Cashins & Associates Blog

OSHA Update:  Delays, Modifications, and other Actions

Posted by Eileen Watkins on Fri, Jun, 30, 2017 @ 09:06 AM

OSHA symbol with worker.jpgAs you'll see below, OSHA has been re-visiting and re-thinking some of its recently promulgated rules and standards.  The January 24, 2017 Presidential Directive titled ‘‘Regulatory Freeze Pending Review’’ (82 FR 8346) triggered some of the actions described below.  In other cases, the changes probably reflect OSHA's attempt to align with the Trump administration and its goal of reducing the regulatory burden on businesses.  Recent safety and healthupdates are listed below.

  1. Improve Tracking of Workplace Injuries and Illnesses: OSHA delayed the date that employers must submit electronic workplace injury and illness reports to the Agency.  The July 1,2017 deadline was moved to December 1, 2017.  OSHA plans to share its electronic reporting system on August 1, 2017.  Note: in a separate move, OSHA announced that it may also reconsider, revise, or revoke other provisions of this rule, including the requirement to protect workers who report workplace injuries or illnesses from retaliation.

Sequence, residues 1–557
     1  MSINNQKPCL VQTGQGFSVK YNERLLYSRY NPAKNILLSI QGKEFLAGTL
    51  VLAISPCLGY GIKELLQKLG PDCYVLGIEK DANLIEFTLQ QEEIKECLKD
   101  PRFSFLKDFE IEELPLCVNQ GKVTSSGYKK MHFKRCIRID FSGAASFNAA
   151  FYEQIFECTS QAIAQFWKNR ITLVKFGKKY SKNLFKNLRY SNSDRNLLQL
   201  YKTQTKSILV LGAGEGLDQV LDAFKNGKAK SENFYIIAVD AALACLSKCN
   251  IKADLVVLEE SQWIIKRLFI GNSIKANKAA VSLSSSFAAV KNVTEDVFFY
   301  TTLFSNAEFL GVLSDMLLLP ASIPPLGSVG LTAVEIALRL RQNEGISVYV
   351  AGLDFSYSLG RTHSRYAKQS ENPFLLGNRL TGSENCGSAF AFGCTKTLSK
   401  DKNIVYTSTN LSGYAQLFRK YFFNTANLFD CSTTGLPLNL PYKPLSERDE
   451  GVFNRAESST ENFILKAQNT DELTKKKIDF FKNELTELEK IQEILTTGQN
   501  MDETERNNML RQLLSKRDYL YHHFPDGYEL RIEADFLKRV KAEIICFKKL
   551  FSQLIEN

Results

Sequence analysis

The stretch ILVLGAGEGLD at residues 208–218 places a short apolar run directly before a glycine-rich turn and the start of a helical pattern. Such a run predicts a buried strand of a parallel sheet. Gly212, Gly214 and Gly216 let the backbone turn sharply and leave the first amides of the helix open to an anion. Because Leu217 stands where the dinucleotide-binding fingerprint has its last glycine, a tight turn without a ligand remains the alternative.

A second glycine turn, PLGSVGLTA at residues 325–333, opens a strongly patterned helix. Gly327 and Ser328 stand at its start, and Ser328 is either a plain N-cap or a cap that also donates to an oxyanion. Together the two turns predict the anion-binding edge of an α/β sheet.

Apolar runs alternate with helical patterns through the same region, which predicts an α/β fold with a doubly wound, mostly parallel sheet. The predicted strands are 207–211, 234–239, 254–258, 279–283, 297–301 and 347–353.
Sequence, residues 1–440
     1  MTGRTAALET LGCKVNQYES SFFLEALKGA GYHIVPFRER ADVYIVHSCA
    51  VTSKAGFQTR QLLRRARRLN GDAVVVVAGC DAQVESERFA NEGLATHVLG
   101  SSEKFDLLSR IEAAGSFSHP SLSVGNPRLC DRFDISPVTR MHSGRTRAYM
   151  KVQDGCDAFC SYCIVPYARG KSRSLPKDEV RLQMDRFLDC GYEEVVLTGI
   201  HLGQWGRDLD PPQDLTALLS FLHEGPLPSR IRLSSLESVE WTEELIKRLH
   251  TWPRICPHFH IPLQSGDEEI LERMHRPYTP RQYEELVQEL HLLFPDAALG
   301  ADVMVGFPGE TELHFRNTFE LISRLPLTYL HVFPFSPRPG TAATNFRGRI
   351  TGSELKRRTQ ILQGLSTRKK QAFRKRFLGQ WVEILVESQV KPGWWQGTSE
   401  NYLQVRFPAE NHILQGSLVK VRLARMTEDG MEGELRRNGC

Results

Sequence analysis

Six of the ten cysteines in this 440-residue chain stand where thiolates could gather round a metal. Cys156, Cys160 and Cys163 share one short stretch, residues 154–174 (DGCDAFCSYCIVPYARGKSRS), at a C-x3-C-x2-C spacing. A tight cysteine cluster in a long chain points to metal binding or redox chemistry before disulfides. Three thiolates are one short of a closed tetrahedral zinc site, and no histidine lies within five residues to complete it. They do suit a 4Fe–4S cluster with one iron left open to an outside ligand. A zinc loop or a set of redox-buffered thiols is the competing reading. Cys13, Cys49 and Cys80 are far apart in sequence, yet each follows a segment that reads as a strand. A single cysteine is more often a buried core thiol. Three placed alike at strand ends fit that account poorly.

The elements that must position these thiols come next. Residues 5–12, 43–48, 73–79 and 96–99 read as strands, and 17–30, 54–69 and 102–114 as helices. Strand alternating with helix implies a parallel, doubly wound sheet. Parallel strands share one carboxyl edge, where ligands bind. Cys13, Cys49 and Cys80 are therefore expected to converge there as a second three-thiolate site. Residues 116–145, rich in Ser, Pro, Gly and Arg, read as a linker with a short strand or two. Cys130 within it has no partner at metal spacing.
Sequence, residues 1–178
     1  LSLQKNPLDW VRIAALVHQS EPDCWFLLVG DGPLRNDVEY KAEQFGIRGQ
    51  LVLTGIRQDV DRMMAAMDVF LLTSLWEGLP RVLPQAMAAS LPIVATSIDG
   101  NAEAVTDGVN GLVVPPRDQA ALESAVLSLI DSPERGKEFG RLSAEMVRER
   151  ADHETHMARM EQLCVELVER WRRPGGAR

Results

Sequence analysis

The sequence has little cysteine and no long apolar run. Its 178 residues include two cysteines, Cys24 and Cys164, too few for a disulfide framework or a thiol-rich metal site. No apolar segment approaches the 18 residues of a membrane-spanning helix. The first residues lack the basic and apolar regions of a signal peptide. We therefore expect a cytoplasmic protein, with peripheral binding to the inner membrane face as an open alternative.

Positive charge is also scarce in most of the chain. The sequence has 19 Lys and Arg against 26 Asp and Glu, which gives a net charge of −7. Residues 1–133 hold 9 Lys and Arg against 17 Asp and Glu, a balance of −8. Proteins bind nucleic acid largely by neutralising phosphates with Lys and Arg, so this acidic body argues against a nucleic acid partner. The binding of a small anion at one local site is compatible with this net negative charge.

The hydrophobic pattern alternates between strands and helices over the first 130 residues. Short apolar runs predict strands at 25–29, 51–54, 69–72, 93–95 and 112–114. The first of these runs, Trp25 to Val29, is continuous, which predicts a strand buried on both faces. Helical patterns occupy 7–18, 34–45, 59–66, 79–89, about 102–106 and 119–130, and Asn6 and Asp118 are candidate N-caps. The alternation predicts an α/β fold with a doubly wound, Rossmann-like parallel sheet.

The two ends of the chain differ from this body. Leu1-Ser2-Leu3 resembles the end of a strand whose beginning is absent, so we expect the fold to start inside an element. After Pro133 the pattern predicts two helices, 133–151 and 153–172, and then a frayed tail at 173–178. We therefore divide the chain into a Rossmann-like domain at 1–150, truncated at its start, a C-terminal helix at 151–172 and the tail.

2. Respirable Crystalline Silica (Construction):  OSHA is delaying enforcement of its Silica in Construction Standard until September 23, 2017.  In this case, the Agency believes that it needs to provide additional guidance to construction companies. This makes sense, given that the Standard is somewhat unique - namely, the employer can demonstrate that worker exposures are below the Permissible Exposure Limit by either successfully implementing the controls listed in Table1 of the Standard or by monitoring worker exposures and then independently determining which exposure controls they want to implement. 
  3. Beryllium (Construction):  OSHA proposes to revise the Beryllium Standard that was published this past January.  While the Permissible Exposure Limit of 0.2 micrograms per cubic liter (µg/m3) and the Short-Term Exposure Limit of 2 µg/m3 would remain, other provisions, including exposure assessment, required methods to control exposures, and respiratory protection may be revoked. 
  4. Voluntary Protection Programs (VPP): OSHA is seeking the public's input on ways to modify these programs in ways that increase participation and improve their effectiveness. Companies that are accepted into one of OSHA's VPPs work "cooperatively and proactively" with OSHA to improve safety at their site.  You can learn more about OSHA's VPPs by going to https://www.osha.gov/dcsp/vpp/

Do you have questions about these or other OSHA standards and rules? Cashins can identify which ones apply to your business.  Submit your inquiry today!

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Topics: OSHA

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